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MILLAU, a town of southern France, capital of an arrondissement in the department of Aveyron, on the right bank of the Tarn at its confluence with the Dourbie, 74 m. N. of Beziers on the Southern railway. Pop. (1906), 16,853. Millau lies in a rich valley 1200 ft. above the sea surrounded by the spurs of the Levezou, Causse Noir and Larzac ranges. The streets are narrow and some of the houses of great antiquity, but the town is surrounded by spacious boulevards. One of its squares is bordered on two sides by wooden galleries supported on stone columns. The only buildings of special interest are the Romanesque church of Notre Dame, restored in the 16th century, and the fine Gothic belfry of the old h6tel de ville. Millau is seat of a sub-prefect, and possesses tribunals of first instance and of commerce, a board of trade-arbitrators, a chamber of commerce and a communal college. The principal industry is the manufacture of gloves, and various branches of the leather industry are carried on. The chief articles of trade are skins, wool, wine and ' Roquefort cheese.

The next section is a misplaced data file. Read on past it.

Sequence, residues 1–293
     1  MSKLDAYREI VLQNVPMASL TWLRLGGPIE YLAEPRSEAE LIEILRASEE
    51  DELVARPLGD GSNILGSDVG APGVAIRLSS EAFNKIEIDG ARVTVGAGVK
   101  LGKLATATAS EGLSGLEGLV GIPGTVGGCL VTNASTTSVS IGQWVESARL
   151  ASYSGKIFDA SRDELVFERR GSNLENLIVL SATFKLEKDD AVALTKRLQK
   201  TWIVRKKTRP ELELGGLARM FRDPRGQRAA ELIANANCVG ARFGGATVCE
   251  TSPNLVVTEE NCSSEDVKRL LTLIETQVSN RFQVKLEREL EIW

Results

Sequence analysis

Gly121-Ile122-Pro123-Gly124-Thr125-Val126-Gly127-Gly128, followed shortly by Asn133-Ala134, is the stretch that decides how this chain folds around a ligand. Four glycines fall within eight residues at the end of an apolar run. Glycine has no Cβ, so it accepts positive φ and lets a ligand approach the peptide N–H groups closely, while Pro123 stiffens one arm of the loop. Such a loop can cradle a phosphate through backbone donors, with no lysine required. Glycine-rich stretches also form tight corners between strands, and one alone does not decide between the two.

In the middle ages Millau was the seat of a viscounty held by the counts of Barcelona and afterwards by the counts of Armagnac. In the 16th century it became one of the leading strongholds of Calvinism in southern France. In 1620 it revolted against Louis XIII., and after its submission Richelieu caused its fortifications to be dismantled. The edict of Nantes hastened the decline of the town, which did not recover its prosperity till after the Revolution.

Note - this article incorporates content from Encyclopaedia Britannica, Eleventh Edition, (1910-1911)

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